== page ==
Posts Tagged ‘social networks’

Social Networking Sites as Silos

March 2, 2010
Learn button

Learn Buttons

I previously blogged about the distinction between open-to-all learning communities and restricted access communities. Beyond limits on participation, most software-based communities have a problem with the free flow of information between communities.

One of the popular tools for helping to prevent online communities from being information silos has been content syndication. The first “feed reader” that I used was Bloglines. Many social networking sites allow participants to aggregate feeds and share those aggregates with other participants. One of these that I recently started experimenting with is Tumblr. There now exists a confusing collection of makeshift solutions to the problem of sharing information and social contacts between online communities. Can there be widely-adopted open standards for social networking?

One attempt to create such standards is the DiSo project. Look at the slogans for the DiSo (dee soh) project (“creation of open, non-proprietary and interoperable building blocks for the decentralized social web”):

  • Open, Distributed, Social.
  • Silo free living.
  • Information, Identity, and Interaction.
  • I hope that a coherent set of software tools will become available for helping us organize our online social networking. There seems to be a large gap between the needs of online learners and the desire of internet social networking companies to make a profit. Even non-profit organizations that are dedicated to online education struggle to facilitate the social aspects of learning. It will be interesting to see how online social learning networks continue to develop. I suppose things were just as confused when the first bricks-and-mortar schools were created. Most building were used for other things besides facilitating learning. With time, people figured out how to make specialized buildings that were well-suited for learning. At this time, most social networking sites are very much oriented around entertainment and commerce.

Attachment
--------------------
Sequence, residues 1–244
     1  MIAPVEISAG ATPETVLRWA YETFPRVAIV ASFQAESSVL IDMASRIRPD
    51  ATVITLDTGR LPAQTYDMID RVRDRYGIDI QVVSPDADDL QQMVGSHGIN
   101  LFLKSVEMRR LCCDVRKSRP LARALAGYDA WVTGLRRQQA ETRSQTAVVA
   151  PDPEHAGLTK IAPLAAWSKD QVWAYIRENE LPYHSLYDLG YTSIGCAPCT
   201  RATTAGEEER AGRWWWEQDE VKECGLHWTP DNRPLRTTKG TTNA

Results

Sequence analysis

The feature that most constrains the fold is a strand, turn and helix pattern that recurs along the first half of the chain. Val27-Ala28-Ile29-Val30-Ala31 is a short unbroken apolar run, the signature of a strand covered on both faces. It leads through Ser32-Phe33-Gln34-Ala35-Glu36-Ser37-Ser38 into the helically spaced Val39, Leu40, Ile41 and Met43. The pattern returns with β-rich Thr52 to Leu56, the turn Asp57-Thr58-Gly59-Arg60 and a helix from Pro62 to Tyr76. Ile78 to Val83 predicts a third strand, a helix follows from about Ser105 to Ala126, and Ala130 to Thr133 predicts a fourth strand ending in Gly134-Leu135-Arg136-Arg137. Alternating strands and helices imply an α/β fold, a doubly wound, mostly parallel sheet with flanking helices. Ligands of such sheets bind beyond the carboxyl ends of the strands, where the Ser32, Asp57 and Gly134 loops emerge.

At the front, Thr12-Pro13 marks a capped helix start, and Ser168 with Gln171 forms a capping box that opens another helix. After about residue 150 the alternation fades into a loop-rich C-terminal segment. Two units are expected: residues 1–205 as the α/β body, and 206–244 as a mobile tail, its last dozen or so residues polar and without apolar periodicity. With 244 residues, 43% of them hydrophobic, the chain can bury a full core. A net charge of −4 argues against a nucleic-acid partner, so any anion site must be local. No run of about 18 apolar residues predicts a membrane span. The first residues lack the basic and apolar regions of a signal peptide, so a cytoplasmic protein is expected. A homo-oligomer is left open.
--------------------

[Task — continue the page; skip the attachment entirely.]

If we are going to have efficient social networking tools for learning we need more than “like” buttons. In particular, I want something along the lines of a “I don’t understand X” button. That would be the foundation for for getting help for navigating a learning path through a collection of linked online communities.

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    Online social networks for learners

    February 26, 2010

    Learn by doing.

    In my last blog post I used a few of the major social networking websites as examples for the “state of the art” in social networking. In this post, I want to review some examples of social networking tools that have been used specifically for education.

    The major social networking websites are for-profit and in my experience they are heavily slanted towards entertainment and advertising. Elgg social networking software is open source and has been used by educators to create social networks for learners. For example, Eduspaces is a learning-oriented social network powered by the Elgg software and one of the content sharing features is blogging by members of the social network.

    An online learning-oriented community that I have personally experimented with is Wikiversity. Wikiversity is powered by the open source MediaWiki software platform that powers Wikipedia. The basic content format is the wiki page, a webpage that can be edited by anyone.

    Wikiversity traffic.

    Based on Alexa statistics (see the graph, above), Wikiversity gets a significant amount of traffic because of its association with Wikipedia. Many online educational sites are niche communities and seldom grow beyond a limited size. Like Wikipedia, Wikiversity aims to be comprehensive in its approach to providing online learning resources. Unlike Wikipedia which is oriented towards providing printed documents to readers, Wikiversity aims to functioning as an online destination for learners where they can participate in a community where “learn by doing” (mostly “learn by webpage editing”) projects provide “hands on” learning opportunities.

    Many computer-facilitated learning communities are closed and intended to serve one particular bricks and mortar educational institution. It remains to be seen to what extent Asimov’s dream of making all the world’s knowledge available via computer-mediated access can become a reality. Will our cultural momentum keep bricks and mortar educational institutions in control of some types of educational resources or will a new ethic come to dominate by which everything will be freely available by way of the internet to every learning of the world?

    Image. Learning by Doing by Brian C. Smith